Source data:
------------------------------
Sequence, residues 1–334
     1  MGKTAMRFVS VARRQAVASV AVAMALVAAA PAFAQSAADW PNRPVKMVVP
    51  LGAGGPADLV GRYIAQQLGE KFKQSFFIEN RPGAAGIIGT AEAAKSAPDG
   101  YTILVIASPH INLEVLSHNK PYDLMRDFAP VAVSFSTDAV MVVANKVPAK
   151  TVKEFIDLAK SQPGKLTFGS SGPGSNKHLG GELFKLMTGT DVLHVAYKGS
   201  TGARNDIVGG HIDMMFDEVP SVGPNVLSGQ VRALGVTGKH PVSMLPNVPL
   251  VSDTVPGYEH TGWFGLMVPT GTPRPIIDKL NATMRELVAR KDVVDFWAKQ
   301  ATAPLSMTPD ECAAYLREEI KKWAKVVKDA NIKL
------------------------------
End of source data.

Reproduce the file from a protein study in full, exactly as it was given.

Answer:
Sequence, residues 1–334
     1  MGKTAMRFVS VARRQAVASV AVAMALVAAA PAFAQSAADW PNRPVKMVVP
    51  LGAGGPADLV GRYIAQQLGE KFKQSFFIEN RPGAAGIIGT AEAAKSAPDG
   101  YTILVIASPH INLEVLSHNK PYDLMRDFAP VAVSFSTDAV MVVANKVPAK
   151  TVKEFIDLAK SQPGKLTFGS SGPGSNKHLG GELFKLMTGT DVLHVAYKGS
   201  TGARNDIVGG HIDMMFDEVP SVGPNVLSGQ VRALGVTGKH PVSMLPNVPL
   251  VSDTVPGYEH TGWFGLMVPT GTPRPIIDKL NATMRELVAR KDVVDFWAKQ
   301  ATAPLSMTPD ECAAYLREEI KKWAKVVKDA NIKL